Languages are a tricky breed. You are born into one, you speak a few, know a few more, and if you are really pissed, you invent Esperanto. OK, apologies, that was a cheap one. Now, for as long as I can remember, I’ve always wanted to learn two tongues; Urdu and Sanskrit. Urdu, because I wanted to read Manto and Chugtai in original, and Sanskrit because, well, it was Sanskrit.
I have always found Urdu to be a singularly lyrical language. The cadences, the pauses, the nazaakat, the chhoti-chhoti harkatein; it’s a tongue for poets, for bards, for troubadours. Sanskrit, on the other hand, was probably fated for didacticism, for hour-long oratorical excesses, the moment it was conceived. Try as hard as I may, I just cannot visualise anyone making small-talk in Sanskrit. It is the resounding baritone to Urdu’s mellifluence. A fortissimo to the other’s sotto voce.
However, I never had much dealing with any of them. Unlike my Mum and Dad, I never really had a classical education in Sanskrit. I did start off with Sanskrit in Dehradun, but when I came to Cal, those bozos at school made me shift to Bong instead. Poltroons. In re Urdu again, Nastaleeq is as comprehensible to me, as are Egyptian hieroglyphs. And whatever little I know comes from those 50s and 60s numbers courtesy the likes of Ludhianvi and Sultanpuri. That is the extent of my knowledge.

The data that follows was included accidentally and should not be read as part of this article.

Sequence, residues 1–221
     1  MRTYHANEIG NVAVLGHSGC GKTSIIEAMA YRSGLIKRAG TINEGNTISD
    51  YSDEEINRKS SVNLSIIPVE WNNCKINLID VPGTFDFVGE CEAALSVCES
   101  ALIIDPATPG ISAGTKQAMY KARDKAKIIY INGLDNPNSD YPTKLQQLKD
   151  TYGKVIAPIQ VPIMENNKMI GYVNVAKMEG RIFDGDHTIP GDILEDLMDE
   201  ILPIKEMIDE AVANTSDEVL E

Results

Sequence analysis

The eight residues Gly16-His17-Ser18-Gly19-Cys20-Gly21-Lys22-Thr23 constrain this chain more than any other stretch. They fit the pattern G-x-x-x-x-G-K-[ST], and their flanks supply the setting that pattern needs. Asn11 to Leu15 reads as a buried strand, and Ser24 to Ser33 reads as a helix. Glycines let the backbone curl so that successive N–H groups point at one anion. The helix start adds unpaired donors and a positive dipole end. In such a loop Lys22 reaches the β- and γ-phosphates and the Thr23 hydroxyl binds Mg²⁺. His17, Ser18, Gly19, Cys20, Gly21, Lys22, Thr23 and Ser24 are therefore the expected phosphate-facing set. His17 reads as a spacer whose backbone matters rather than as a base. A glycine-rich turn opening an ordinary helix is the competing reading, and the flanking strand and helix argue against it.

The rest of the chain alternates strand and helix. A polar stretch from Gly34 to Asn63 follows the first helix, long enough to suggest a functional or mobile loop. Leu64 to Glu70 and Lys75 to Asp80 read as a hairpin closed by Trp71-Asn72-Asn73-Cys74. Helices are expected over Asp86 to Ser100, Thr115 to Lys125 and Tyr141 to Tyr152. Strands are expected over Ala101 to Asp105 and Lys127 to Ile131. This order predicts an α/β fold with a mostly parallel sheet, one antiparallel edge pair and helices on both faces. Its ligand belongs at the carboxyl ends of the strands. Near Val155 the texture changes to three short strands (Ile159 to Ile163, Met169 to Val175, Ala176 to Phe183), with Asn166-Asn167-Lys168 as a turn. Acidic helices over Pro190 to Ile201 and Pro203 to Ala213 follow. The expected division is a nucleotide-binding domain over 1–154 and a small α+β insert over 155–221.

This, however, never frazzled me too much. I always knew how incompetent I could be. And, in any case, there was always Hindi to fall back upon. Hindi was neither Sanskrit, nor was it Urdu. It was both. It was Hindustani. ‘Twas, as Jha ji used to say, Yeh toh Khari Boli hai.
Today though, I really don’t hear that much Hindi around me anymore. Far from it. It’s usually an over-Sanskritised version of the Ghost of Hindi Past. Just try watching your average Bollywood production or any one of those numerous sob sagas which ply their trade on prime-time tele. Most of them speak like characters right out of B.R. Chopra’s Mahabharata. Or, Hindi’s turned into some avant-garde hotchpotch which passes for high lit and the pinnacle of creative expression (Mr. Prasoon Joshi, I’m in awe of your work. Just that, it’s not quite Hindi you write in :))
So, you either hear the hep crowd swing it the Hinglish way. Or you hear words which were probably last used a couple of millennia back. Johnny Walker probably said it best. (See below) Today though, the newscasters might just wing it, the Yo dude, Ab Samachar mein Hindi suniye, way.
Balraj Sahni’s Convocation address, Jawaharlal Nehru University, 1972
[…] it is logical to conclude that Hindi and Urdu are one and, the same language. But no, our British masters declared them two separate languages in their time. Therefore, even twenty-five years after independence, our government,: our universities, and our intellectuals insist on treating them as two separate and independent languages. Pakistan radio goes on ruining the beauty of this language by thrusting into it as many Persian and Arabic words as possible; and All India Radio knocks it out of all shape by pouring the entire Sanskrit dictionary into it. In this way they carry out the wish of the Master, to separate the inseparable. Can anything be more absurd than that? If the British told us that white was black, would we go on calling white black for ever and ever? My film colleague Johnny Walker remarked the other day, “They should not announce ‘Ab Hindi mein samachar suniye’ they should say, ‘Ab Samachar mein Hindi suniye.’